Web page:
Category Archives: Notions

Osage County Senior Center: Decorating for the holidays

By Tammy Fager, Osage County Senior Center Director

Joan, with the help of volunteers, decorated the Osage County Senior Center for the Osage City Chamber’s Christmas on Market Street celebration and the upcoming community Thanksgiving meal.

On Dec. 3, a foot care company will be here to take any additional people that need toenails clipped or any other foot problems checked. You need to make an appointment for this. If we don’t have additional people sign up we will have to cancel this date.

Due to all the activities in November we will not be having a potluck this month, but will start again on Dec. 18. Meal service will be furnishing turkey with stuffing, ham and mashed potatoes, so we just need some additional trimmings and desserts. We hope to see you then.

Sewing Chicks want to remind everyone that they are still making chemo caps for cancer patients. If you know someone that needs one, contact the center. If anyone would like to buy one they are $5 each. If you would like to help make them you can contact the center for a pattern.

Along with quilts, afghans, pillows, they have aprons for men and women – all great Christmas presents. They also really some really nice walker bags made out of upholstery material, with more to come.

We want to make sure everyone knows that we give out commodities at the center on the second Wednesday of every month. Participants must be at least 60 years old to qualify with an income of $1,354 for one person or $1,832 for two persons in the same house or less. Income verification is required, as well as a one-month waiting period. The waiting period is due to ordering a month in advance. Anyone in Osage County is eligible and they meet the qualifications. Contact the center and we can help with determining if you qualify. If you are unable to come to Osage City and pick up commodities.

For more information, stop by the Osage County Senior Center at 604 Market St., Osage City, Kan., or call 785-528-1170.

  • Mondays: Sewing 8 a.m., exercise 11 a.m., cribbage 12:15 p.m., Threads 1 p.m., pitch 5:30 p.m.
  • Tuesdays: Ceramics 9 a.m., Mexican Train with snacks 12-12:30 p.m.
  • Wednesdays: Sewing 8 a.m., exercise 11 a.m., cribbage 12:15 p.m.
  • Thursday, Nov. 21: Art and painting 9 a.m., new exercising with Dee 9 a.m.
  • Friday, Nov. 22: Bingo 10-11 a.m.

A Cowboy’s Faith: Generosity should be appreciated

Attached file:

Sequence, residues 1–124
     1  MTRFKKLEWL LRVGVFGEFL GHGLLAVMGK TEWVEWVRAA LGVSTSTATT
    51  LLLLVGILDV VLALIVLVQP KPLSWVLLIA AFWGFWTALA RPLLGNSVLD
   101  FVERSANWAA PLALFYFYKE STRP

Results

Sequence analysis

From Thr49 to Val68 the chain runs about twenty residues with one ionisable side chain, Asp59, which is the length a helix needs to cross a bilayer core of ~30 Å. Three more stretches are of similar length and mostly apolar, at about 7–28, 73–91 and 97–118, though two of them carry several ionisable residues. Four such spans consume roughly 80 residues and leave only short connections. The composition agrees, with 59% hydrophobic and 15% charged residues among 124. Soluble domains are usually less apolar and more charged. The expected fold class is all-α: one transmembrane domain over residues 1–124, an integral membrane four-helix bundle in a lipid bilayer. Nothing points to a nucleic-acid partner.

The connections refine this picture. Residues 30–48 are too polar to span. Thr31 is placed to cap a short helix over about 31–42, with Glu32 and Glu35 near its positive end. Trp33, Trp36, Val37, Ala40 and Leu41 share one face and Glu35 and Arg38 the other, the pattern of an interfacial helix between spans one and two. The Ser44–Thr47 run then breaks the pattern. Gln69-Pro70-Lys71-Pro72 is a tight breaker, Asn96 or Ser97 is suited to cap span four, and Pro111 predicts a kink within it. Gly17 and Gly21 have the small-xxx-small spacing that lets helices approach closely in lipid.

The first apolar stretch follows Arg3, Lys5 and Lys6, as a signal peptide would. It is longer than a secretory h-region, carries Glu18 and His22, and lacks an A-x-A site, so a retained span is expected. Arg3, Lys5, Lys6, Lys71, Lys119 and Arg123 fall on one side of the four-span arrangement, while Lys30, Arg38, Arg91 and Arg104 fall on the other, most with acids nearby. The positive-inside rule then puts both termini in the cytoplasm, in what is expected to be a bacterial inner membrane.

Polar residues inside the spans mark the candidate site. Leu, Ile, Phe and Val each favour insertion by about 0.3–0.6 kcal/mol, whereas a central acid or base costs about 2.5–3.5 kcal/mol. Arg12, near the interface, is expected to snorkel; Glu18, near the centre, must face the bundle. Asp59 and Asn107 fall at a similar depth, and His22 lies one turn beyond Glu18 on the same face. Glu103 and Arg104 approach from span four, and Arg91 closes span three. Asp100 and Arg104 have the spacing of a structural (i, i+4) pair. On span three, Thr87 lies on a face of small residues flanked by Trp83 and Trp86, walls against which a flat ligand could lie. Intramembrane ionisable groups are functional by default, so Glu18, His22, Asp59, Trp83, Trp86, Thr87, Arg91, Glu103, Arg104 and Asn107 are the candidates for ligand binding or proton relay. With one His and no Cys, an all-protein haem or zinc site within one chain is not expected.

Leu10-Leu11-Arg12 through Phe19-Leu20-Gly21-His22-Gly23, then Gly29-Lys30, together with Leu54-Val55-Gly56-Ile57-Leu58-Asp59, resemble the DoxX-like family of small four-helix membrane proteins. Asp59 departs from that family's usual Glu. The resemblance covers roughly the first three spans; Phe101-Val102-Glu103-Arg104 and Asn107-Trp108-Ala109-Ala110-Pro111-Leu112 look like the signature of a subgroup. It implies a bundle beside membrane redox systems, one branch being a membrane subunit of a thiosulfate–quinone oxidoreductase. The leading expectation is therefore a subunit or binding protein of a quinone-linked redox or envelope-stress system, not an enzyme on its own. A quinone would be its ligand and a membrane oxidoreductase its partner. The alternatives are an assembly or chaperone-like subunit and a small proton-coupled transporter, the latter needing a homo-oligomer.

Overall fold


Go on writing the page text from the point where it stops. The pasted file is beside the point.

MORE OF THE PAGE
A Cowboy's Faith: Click to read more from Frank J. Buchman.“Don’t look a gift horse in the mouth.”

The old familiar saying has come to mind several times over the decades.

Sometimes it does relate to horses and as often to life and people in general.

First off perhaps important to clarify exactly what the statement means and where it really originated.

A horse’s teeth become more protruded appearing longer with maturity. Thus comes the term “long in tooth” meaning an older horse. Those with much experience can open a horse’s mouth and determine almost exactly the age of a horse.

So, checking a horse’s mouth would be a sign of mistrust towards the gift giver and bad manners.

The polite thing to do is simply to say “thank you” and accept the gift horse graciously.

Actually the comment relates to anything given without obligation or expecting something in return.

Eat Well to Be Well: Stave off winter weight gain with these expert tips

Beginning with Halloween candy and ending with a New Year’s Eve toast, the last months of the year can challenge even the most disciplined weight watcher. By the time the New Year arrives, you may feel heavier, yet in reality most people have not packed on as many pounds as they think.

The average American gains about one to two pounds during the six-week stretch between Thanksgiving and New Year’s. This doesn’t sound like much unless you gain that extra one to two pounds year after year, without losing it. Before you know it, in 10 years you could easily be 10 to 20 pounds heavier. Here’s the rub – this extra weight gain can be harmful to your waistline while increasing your risk for serious health conditions such as type 2 diabetes, heart disease, high blood pressure, or joint problems.

So, how can you enjoy the holiday’s festivities and delicious food without sabotaging your waistline? Even though this time of year is filled with fatty and sugary treats, the truth is you can continue to make good food choices. Follow the expert tips below. They’ll point you in the right direction, allowing you to still revel in this beautiful season while avoiding holiday weight gain: